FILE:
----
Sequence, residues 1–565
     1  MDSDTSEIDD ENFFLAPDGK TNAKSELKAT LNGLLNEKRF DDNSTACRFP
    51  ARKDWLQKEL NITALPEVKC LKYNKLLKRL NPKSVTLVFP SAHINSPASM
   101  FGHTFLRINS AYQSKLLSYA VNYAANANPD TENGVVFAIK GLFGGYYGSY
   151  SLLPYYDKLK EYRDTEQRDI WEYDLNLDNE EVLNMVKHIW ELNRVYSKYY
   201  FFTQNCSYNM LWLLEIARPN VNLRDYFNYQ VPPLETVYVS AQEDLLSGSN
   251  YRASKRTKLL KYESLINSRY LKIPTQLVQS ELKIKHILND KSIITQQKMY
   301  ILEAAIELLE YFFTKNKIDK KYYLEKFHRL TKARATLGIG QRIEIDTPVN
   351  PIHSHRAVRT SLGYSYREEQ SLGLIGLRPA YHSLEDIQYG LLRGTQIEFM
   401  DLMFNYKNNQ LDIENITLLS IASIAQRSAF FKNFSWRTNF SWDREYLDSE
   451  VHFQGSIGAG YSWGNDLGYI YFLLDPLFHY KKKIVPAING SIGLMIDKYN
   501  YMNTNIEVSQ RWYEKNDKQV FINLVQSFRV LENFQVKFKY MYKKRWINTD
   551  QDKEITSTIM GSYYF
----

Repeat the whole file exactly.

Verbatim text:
Sequence, residues 1–565
     1  MDSDTSEIDD ENFFLAPDGK TNAKSELKAT LNGLLNEKRF DDNSTACRFP
    51  ARKDWLQKEL NITALPEVKC LKYNKLLKRL NPKSVTLVFP SAHINSPASM
   101  FGHTFLRINS AYQSKLLSYA VNYAANANPD TENGVVFAIK GLFGGYYGSY
   151  SLLPYYDKLK EYRDTEQRDI WEYDLNLDNE EVLNMVKHIW ELNRVYSKYY
   201  FFTQNCSYNM LWLLEIARPN VNLRDYFNYQ VPPLETVYVS AQEDLLSGSN
   251  YRASKRTKLL KYESLINSRY LKIPTQLVQS ELKIKHILND KSIITQQKMY
   301  ILEAAIELLE YFFTKNKIDK KYYLEKFHRL TKARATLGIG QRIEIDTPVN
   351  PIHSHRAVRT SLGYSYREEQ SLGLIGLRPA YHSLEDIQYG LLRGTQIEFM
   401  DLMFNYKNNQ LDIENITLLS IASIAQRSAF FKNFSWRTNF SWDREYLDSE
   451  VHFQGSIGAG YSWGNDLGYI YFLLDPLFHY KKKIVPAING SIGLMIDKYN
   501  YMNTNIEVSQ RWYEKNDKQV FINLVQSFRV LENFQVKFKY MYKKRWINTD
   551  QDKEITSTIM GSYYF